While pregnant I wanted to do cloth diapers, while my husband was all for disposables. Our families’ opinions of cloth diapering was very much reflected in these biases as well. I wondered, is there a way to do both?
To help placate everyone I researched and registered for the gDiapers system — a system that would do both depending on the circumstance. The gDiapers are technically considered all-in-twos, but have a very easy to use disposable insert available if necessary which classifies them as a hybrid system. There is a cover, a liner, and then the insert. Each liner is re-usable after you wipe it out and put in a fresh insert. The covers are as well, and when necessary they can go in the wash with clothes. The soiled insert is the only thing that is changed every time. They are sized (S, M, L, XL) which gives them a trimness that isn’t seen anywhere else, except maybe the new fuzzibunz elite.
I figured, we travel a lot so having the option of a disposable is a great thing, but mostly we can use the cloth inserts. We also could use a disposable if out during the day and not wanting to cart around a wet-bag of diapers. The disposables were a few dollars more per package than a package of comparable number disposables, so not really a huge deal in the long run. Ultimately, this is something that has only been an issue if we didn’t know where our next washing machine was.
After I approached my husband with my find, we did the math as only two people with three Chemistry degrees between them can. We figured that even though they were sized, since we only had to buy a few covers with many more inserts, it would really equal out to about the same price as a stash full of one sized diapers. Each “size” costs roughly $200, for those of you curious. This is for a stash of 8 covers and 24 cloth inserts. This is part of my current sized M stash, the ones ready to go on the left, unfolded so you can see the liner in the middle, and the inserts to be put in on the far right.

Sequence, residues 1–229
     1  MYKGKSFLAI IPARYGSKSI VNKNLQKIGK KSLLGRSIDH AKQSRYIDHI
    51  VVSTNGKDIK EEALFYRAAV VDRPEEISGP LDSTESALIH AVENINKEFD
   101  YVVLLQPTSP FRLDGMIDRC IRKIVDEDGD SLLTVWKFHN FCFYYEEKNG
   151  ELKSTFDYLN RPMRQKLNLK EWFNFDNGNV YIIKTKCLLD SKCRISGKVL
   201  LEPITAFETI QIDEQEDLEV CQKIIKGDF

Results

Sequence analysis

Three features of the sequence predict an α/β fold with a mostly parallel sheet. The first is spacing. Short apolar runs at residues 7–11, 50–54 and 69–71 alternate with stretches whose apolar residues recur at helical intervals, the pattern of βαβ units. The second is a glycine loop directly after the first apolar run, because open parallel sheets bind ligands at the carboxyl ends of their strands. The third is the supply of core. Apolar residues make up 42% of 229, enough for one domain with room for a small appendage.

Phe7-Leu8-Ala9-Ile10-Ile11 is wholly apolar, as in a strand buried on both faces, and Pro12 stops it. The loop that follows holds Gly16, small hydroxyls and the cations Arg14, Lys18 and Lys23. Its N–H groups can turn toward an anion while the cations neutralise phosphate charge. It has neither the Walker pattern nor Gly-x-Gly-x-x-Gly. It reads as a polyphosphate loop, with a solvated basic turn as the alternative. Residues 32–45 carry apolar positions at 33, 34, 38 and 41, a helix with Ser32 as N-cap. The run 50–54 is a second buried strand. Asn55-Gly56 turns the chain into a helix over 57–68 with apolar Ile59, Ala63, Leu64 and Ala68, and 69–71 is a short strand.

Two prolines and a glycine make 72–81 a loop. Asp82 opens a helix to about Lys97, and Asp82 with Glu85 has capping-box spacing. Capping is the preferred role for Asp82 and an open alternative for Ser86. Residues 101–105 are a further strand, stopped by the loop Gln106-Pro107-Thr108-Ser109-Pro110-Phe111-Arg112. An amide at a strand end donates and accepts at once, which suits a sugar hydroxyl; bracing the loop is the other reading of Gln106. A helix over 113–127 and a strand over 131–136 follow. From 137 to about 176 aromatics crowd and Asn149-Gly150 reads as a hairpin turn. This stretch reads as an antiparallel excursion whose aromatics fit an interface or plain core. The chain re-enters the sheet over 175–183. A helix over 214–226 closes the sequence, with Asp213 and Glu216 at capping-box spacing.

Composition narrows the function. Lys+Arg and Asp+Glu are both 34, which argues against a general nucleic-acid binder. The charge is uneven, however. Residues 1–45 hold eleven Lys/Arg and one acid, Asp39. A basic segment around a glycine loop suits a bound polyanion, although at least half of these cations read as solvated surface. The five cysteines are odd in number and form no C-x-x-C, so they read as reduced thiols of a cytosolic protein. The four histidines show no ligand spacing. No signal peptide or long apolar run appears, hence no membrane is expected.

Now the real selling point for his family, (Remember, they didn’t want us to use cloth. We’ve lasted much longer than the week they gave us.) the ability to flush the soiled disposables down the toilet! This means there is no “diaper” smell around the house anywhere. The waste goes down the proper receptacle.
The selling point for my family is the lack of space they take up. At 6 diapers to an inch in height when stacked on top of each other, a lot of inserts can take up very little space. They also simply stack on top of each other, no folding or stuffing when you pull them out of the dryer.
As I said, we travel a lot, and having the hybrid system saved our daughter’s tush (she’s actually allergic to every disposable that we’ve tried, except the gDiaper insert) when the airline lost our bag — naturally it was the bag of my clothes and my entire stash of cloth diapers. We had 3 covers, 5 liners, and 6 disposable inserts and 6 cloth inserts in our diaper bag. After the initial, “What do you mean you lost my bag? Don’t you realize that’s a lot of time and money invested there?” we were able to run to the store to get disposable inserts to last until we received the bag.
A stash of one brand of diapers isn’t really complete, and hybrid diapers round a stash out nicely for many different reasons.
Bio: Carolyn is a work at home mom to one 10 month old daughter. She regularly enlightens everyone to the ease and versatility of hybrids.